Sharing Inside/Outside Boundaries

This evening we began our exploration of different types of boundaries which we have encountered/enjoyed/struggled with.  Each of us brought an example or a story of a boundary.

Steve brought milkweed seed pods — which he collects every year…for him…it is not just the beauty of the seed pods…but the juxtaposition of bringing something from the outdoors…subtending the boundaries to the indoors.  img_1629img_1628

Sabrina described her history with choosing to wear a headscarf…and that sometimes, for her, this provides a way of protecting herself when she is feeling vulnerable.

Suzanne brought this Native American photo from National Geographic.  Photographers, she described, are really outsiders, but try to be insiders.   img_1631

I have been fascinated for a long while with the work of Anselm Kiefer.   This piece, The Breaking of the Vessels (1990, St. Louis Art Museum) is my first love of his work.  Here the vessels holding Divine Light have been crushed by surrounding ancient tomes, and in breaking, the inside and the outside have mingled.

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“The Breaking of the Vessels” 1990, Anselm Kiefer. Glass. Metal and Wood. St. Louis Art Museum.

Isabel described metaphorical boundaries — those that exist in our own minds…and how difficult it is to fight boundaries within ourselves.

Rena described their experience with wearing a kippah — and their decision to begin wearing one on November 8, 2016 (election day).    The gender suggestion of a kippah may seem obvious, it is clearly a “masculine object”.    In choosing to identify as “other”, one also subtends many boundaries.      In a secular context, Rena explained, the kippah separates them; it carries great weight — both with Jews and with others who wear different types of head coverings.     In taking the name “Yehuda” — a masculine Hebrew name, one jumps from inside to outside and to inside again in so many ways.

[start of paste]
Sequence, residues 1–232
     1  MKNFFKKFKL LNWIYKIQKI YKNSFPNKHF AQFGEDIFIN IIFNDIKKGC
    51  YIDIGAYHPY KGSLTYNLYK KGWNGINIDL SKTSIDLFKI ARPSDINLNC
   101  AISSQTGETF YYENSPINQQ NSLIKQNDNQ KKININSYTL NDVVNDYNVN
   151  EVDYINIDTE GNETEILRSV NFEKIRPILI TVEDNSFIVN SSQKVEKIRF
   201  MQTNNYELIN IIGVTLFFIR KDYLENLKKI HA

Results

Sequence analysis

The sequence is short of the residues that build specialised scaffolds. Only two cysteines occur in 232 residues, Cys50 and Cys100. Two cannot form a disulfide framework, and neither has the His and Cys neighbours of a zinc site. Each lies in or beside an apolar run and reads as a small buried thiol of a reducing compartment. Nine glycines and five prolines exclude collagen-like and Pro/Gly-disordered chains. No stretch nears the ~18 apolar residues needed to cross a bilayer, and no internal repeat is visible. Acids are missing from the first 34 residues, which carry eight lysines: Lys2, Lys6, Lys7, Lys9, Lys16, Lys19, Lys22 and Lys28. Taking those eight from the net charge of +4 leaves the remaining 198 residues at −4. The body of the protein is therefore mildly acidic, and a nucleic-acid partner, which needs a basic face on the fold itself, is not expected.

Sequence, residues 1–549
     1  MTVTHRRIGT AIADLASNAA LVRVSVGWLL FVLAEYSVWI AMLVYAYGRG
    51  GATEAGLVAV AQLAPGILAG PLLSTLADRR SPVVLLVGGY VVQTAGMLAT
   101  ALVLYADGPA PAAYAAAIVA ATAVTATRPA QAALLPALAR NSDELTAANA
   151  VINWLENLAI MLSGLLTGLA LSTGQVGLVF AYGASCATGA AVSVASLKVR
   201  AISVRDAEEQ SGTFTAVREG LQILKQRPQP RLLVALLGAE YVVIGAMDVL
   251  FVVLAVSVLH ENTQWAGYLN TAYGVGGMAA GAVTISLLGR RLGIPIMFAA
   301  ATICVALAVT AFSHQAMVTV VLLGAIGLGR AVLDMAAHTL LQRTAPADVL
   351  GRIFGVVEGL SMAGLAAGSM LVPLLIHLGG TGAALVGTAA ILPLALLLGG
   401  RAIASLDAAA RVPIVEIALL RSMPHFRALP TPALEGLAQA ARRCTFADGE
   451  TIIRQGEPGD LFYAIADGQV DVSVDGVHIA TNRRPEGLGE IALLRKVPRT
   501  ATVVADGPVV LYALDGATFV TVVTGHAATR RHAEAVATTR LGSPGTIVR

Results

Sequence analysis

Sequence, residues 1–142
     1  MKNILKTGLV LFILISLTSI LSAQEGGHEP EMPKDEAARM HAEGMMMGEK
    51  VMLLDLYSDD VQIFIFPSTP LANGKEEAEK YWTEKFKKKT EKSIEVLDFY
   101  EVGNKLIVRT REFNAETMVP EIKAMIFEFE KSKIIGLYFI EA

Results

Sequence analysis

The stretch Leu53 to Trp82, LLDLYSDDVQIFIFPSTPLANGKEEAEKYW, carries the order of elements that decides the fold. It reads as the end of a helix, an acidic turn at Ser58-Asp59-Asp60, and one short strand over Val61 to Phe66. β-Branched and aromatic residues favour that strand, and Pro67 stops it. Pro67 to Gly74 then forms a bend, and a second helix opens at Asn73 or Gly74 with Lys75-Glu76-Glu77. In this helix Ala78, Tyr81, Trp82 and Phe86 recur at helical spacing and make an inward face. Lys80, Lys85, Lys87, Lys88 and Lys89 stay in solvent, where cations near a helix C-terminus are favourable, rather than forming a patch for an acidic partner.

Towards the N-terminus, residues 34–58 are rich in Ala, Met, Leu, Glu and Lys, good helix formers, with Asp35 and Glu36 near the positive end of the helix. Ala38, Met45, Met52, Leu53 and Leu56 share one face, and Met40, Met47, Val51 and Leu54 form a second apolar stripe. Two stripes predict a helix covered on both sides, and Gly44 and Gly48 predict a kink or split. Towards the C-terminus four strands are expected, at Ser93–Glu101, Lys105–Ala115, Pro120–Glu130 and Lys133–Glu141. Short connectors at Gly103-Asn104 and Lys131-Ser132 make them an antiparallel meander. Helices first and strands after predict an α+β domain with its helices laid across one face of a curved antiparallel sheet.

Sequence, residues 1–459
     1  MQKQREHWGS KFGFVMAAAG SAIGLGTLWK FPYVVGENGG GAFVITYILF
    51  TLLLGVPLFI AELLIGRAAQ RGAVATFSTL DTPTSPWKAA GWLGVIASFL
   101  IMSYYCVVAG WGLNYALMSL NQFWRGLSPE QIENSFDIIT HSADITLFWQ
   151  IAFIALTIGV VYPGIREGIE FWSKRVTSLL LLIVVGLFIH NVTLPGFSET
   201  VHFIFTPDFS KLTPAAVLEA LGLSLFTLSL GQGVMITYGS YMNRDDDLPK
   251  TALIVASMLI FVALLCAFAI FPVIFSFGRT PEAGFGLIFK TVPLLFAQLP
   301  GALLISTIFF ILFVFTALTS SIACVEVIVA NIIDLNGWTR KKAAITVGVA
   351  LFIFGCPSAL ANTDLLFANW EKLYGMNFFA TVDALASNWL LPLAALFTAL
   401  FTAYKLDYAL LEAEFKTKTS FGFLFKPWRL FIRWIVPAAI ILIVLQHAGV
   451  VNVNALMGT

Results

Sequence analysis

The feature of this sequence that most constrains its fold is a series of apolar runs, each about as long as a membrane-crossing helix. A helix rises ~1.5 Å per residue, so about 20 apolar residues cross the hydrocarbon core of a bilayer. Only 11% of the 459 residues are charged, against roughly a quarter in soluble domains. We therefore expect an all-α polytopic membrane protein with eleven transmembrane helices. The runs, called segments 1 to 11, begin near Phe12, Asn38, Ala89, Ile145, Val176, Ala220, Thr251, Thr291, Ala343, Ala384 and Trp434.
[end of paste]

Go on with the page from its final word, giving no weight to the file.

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Rena.

Lucy has been exploring opportunities to take action, also since November 8th.   She has realized that language is a boundary  when working with different communities….communties of color, differing demographics, etc.     She has been thinking about how many negative words are used to describe different communities — and how language barriers can be presented visually….how communication and relationship can be affected in our conscious use of positive versus negative language….

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Lucy sharing on visual representation of language boundaries.

Pam brought in an armband which she wore a few decades ago…in a strike for peace and freedom.    Again, boundaries subtended, inside and outside and inside again…

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Pam and the “strike” band.

 

Hagit is a poet.   She has translated her work from the Hebrew and she had brought two poems to share with us.   She described that inside/outside — another layer to explore — is being an outsider to the English language.    She read from her fourth book in Hebrew…and then in English.   The works:  “I drew a circle” and “Like a baby“…

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Hagit reads from her work.

Of course, in scripture, an obvious Inside/Outside reference in our history/story…tells of Adam and Eve.

So many different representations in art of their exile…from when they were in Gan Eden…to when they were not.   Some of the following images are different iterations of Adam and Eve…img_1646img_1645img_1644img_1643

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